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Photo by Bill Egbert

The Nativity of Mercy is a powerful reminder for all of us that God is not afraid of our “smog”: on the contrary, he eagerly enters into it in order to be closer to his beloved children.


Click here for more information on The Nativity of Mercy. For those in New York, I highly suggest going to see it at the Shrine Church of the Most Precious Blood on Baxter Street near Canal Street. It is well worth the visit!

Five Things You Should Know about the Year of Mercy

Today is the beginning of the Jubilee Year of Mercy proclaimed by Pope Francis. Here is what you need to know about it.

What a jubilee year is.

The custom of celebrating jubilee years is an ancient one that dates backs to the Old Testament. Leviticus 25:10 prescribed that the Hebrews “shalt sanctify the fiftieth year and shalt proclaim remission to all the inhabitants of thy land: for it is the year of jubilee.” The jubilee year was a time of restoration and forgiveness during which every household was to recover its absent members, land was to be returned to its former owners, Hebrew slaves were to be set free, and debts were to be remitted.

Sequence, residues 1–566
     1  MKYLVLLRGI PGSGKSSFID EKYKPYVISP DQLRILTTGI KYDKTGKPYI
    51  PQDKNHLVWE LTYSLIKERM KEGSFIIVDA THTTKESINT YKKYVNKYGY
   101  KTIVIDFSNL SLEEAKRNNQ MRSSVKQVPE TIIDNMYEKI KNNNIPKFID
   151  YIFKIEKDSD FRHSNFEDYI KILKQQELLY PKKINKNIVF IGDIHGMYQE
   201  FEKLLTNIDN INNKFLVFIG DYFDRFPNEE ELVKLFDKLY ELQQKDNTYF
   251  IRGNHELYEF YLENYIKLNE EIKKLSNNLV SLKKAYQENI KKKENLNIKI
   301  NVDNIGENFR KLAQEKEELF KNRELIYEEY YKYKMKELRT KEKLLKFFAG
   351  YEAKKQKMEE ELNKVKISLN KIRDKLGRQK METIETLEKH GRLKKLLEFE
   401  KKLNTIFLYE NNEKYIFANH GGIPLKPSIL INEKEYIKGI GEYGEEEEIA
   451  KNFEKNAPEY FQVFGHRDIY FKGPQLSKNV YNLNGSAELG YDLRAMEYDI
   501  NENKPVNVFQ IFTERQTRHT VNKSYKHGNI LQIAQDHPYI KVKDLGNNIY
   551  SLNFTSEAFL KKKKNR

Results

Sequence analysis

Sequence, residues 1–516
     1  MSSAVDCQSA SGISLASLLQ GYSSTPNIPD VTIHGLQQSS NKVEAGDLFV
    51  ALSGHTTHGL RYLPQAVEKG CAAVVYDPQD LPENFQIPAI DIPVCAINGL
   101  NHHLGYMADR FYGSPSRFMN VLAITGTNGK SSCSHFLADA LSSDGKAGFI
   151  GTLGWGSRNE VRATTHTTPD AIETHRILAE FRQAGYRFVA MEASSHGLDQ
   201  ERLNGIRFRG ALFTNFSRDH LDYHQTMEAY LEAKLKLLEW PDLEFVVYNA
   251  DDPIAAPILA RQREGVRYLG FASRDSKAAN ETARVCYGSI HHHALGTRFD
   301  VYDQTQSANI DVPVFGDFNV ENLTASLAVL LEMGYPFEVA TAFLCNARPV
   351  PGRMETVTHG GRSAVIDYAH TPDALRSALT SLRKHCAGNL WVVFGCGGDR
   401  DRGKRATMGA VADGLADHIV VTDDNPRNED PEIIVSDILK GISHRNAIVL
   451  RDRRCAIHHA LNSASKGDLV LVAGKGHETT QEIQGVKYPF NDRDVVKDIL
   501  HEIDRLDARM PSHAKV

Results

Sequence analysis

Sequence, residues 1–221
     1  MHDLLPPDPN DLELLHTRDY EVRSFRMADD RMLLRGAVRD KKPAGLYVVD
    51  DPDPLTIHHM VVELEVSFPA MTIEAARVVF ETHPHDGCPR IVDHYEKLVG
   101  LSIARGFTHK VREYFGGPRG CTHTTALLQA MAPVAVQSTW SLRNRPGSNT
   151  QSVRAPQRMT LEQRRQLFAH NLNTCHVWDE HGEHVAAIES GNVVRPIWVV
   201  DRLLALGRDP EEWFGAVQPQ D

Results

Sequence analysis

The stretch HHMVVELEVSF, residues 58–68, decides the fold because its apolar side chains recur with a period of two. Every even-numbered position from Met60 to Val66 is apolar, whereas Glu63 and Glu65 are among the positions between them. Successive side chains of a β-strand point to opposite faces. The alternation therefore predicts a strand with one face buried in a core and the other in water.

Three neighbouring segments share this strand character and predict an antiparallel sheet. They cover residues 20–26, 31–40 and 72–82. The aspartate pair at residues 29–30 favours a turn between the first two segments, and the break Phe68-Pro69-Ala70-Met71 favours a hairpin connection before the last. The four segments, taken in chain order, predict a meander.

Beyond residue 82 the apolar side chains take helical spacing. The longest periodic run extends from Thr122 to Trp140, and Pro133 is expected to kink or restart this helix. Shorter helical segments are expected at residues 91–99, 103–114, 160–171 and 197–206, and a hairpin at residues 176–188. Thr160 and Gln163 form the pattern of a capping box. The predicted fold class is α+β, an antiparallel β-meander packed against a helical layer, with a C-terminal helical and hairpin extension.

The Catholic Church continued this tradition of restoration and forgiveness in a more spiritualized manner. Although prior jubilees existed in various forms, Pope Boniface VIII was the first pontiff to formally declare a jubilee year in 1300, granting “great remissions and indulgences for sins” obtained “by visiting the city of Rome and the venerable basilica of the Prince of the Apostles.” He stated that the jubilee would take place every 100 years.

Since Pope Boniface, jubilee years have become more frequent and more generous. Subsequent popes lessened the time between jubilees to 25 years, taking into account the average human lifespan. They also made it easier to obtain indulgences by allowing the faithful to make pilgrimages to churches and shrines in their own countries as opposed to trekking all the way to Rome. The last ordinary jubilee year took place under Pope John Paul II in 2000.

All jubilee years are special, but this one is extra special.